Let’s assume that we all want to succeed. If that’s true (and yes, we know what assume means to some!), we need to have clear aspirations and define what success means to us.  As leaders, this also applies to our teams and organizations. Think in terms of “where are we now” and “where do we want to be”?

Also assess your mindset. Are you focused? Are you self-aware? Do you truly know what you want to achieve?

Natasha Graziano, Mindset Coach and Motivational Speaker provides 5 Pillars to assist with creating success both personally and professionally:

     1. Get clarity on your vision
You’ve heard us time and again share the need to have documented vision, mission, and goal statements, and that all of our behaviors must support achieving them. Graziano adds that “Most people mess up at this first hurdle because they don’t actually know what they want”. Having a clear and written vision will help with clarity for taking the necessary actions required to move forward.

    2. Remove the blockages
What barriers are getting in your way of success? Do you have “Gremlins” that limit your beliefs or that are immobilizing you?  Graziano shares “Once we realize we are standing in our own way of the thing we want, we can begin to move forward“.

    3. Replace old beliefs with new beliefs
We all have baggage and have had experiences that negatively impacted our mindset. What have you learned from them? What beliefs and thoughts can be replaced with some that will better serve you? The idea is that we learn from the negativity we’ve experienced, let them go, and now focus on our desires with positive energy that will help us achieve our vision.

    4. Expand your vision
Don’t think of what’s happened in the past; think outside of the box; don’t limit yourself; step out of your comfort zone. What is it you truly want?  Graziano adds “start dreaming bigger“.

    5. Take inspired action
Graziano says “When the doing and the thinking are aligned, you’re able to achieve massive success”. It takes that first step, it takes commitment, and it takes action.

How’s your mindset?  Are you determined? Are you self-aware and focused on what it is you want? Are you willing to take that first step?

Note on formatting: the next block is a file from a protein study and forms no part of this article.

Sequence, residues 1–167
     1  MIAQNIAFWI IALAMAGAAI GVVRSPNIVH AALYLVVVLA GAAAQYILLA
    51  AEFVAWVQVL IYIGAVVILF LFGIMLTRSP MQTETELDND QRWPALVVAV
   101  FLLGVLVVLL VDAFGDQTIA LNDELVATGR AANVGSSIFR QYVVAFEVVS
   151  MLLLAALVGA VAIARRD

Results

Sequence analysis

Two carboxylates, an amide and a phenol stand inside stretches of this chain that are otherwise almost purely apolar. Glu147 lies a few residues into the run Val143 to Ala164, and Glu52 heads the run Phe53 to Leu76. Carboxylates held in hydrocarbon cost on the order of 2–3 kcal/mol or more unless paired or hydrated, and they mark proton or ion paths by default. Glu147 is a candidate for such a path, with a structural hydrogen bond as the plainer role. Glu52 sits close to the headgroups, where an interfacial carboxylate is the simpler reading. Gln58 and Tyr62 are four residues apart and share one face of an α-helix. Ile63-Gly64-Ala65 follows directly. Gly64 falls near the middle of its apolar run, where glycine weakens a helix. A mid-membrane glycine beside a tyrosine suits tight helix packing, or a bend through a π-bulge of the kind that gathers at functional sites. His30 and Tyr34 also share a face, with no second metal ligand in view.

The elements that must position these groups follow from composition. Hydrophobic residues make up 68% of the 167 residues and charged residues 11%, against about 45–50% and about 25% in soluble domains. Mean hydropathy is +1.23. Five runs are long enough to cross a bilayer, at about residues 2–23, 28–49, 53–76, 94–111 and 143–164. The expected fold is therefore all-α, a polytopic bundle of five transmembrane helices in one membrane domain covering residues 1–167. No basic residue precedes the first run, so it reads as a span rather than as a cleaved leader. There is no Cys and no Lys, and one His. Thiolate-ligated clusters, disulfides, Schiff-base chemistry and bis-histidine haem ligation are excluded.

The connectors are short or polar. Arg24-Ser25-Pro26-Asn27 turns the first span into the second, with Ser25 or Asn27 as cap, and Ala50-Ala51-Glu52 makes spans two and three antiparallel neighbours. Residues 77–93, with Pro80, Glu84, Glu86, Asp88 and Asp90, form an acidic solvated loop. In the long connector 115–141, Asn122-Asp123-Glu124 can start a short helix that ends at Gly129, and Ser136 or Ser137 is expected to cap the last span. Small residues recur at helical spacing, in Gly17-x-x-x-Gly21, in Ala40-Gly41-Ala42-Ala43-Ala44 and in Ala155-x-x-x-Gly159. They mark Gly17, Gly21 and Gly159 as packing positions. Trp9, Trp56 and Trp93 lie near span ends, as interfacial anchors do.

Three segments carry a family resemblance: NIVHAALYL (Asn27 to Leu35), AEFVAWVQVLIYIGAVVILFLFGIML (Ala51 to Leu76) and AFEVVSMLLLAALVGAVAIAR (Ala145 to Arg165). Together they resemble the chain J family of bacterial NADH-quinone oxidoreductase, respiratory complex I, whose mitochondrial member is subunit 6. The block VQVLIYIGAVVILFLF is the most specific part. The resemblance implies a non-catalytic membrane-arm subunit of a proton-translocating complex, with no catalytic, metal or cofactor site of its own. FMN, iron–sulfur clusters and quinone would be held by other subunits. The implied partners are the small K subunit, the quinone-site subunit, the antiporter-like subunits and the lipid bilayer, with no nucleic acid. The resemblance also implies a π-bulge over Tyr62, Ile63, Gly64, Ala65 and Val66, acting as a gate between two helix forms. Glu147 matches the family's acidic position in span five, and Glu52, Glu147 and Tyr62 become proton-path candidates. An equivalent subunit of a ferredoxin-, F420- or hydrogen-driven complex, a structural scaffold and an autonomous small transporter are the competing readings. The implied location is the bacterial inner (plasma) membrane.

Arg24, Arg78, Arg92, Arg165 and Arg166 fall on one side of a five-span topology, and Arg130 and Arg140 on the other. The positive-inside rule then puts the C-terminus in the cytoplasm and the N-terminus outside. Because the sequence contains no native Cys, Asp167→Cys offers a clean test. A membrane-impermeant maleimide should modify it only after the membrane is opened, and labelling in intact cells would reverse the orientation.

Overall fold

Wishing you success!
Mike and Jan

Once your mindset changes, everything on the outside will change along with it.
–Steve Maraboli   

Books On Leadership

Not all readers are leaders, but all leaders are readers.
–Harry S. Truman
We often get asked for leadership book recommendations. It’s not easy to choose as there are hundreds of books that provide valuable content, but our top 5 picks are:
QBQ – The Question Behind The Question by John G. Miller
An oldy but goody, accountability is often an issue in the workplace and pointing fingers can be a by-product. This book explains that without personal accountability it’s difficult to succeed and attain desired goals, and it provides methods for regularly practicing accountability.

The Five Dysfunctions Of A Team by Patrick Lencioni
Learn about five root causes that contribute to teams failing (absence of trust, fear of conflict, lack of commitment, avoidance of accountability, and inattention to results), and how one can address poor teamwork by implementing specific strategies.

The 7 Habits Of Highly Effective People by Stephen R. Covey
It’s all up to us. We must be self-aware and take responsibility for our choices. Covey addresses the following 7 habits that are required for success: Be Proactive, Begin with the End in Mind, Put First Things First, Think Win-Win, Seek First to Understand, Then to Be Understood, Synergize, and Sharpen the Saw.

The 21 Irrefutable Laws Of Leadership by John C. Maxwell
Learn insights for becoming a more powerful and effective leader and obtain tips to improve your leadership skills and abilities and for influencing others. Maxwell says: If you want to be a leader, the good news is that you can do it. Everyone has the potential, but it isn’t accomplished overnight. It requires perseverance.  This is closely aligned with our motto:
“Leadership is a process, not an event”!

The Power Of Focus by Jack Canfield, Mark Victor Hansen, Les Hewitt
Obtain specific strategies for maintaining focus positioning you to achieve results and increase levels of success. Without focus, unnecessary internal struggles exist, waffling occurs, and results are delayed.

There are hundreds of books that speak to leadership skills, abilities, and behaviors and for making you more self-aware while enhancing your emotional intelligence. A Harvard Business Review article shared that “reading for just six minutes can reduce stress by 68% and is beneficial for stressed leaders/managers and C-level executives”.

Commit to making the time to read!
Mike and Jan

Today a reader, tomorrow a leader.
— Margaret Fuller

Managing Your Boss

The greatest gift of leadership is a boss who wants you to be successful.
Jon Taffer
Can we really manage our boss? Not really, but what can do is work towards building a good relationship (or at least improve it).  Having aligned expectations, regular communications, being accountable, and interacting in a style that works for them all lend themselves to strengthening and building a trusting relationship.
Liz Ryan, CEO Human Workplace recommends what NOT to do:
1.    Don’t start a conversation with your boss when you’re mad or upset. Wait until you calm down.

2.    Don’t fall into a win/lose mentality and start counting the number of times your boss said “yes” to one of your requests versus the times they said “No”. Rather, focus on your work, your team’s work and your mission.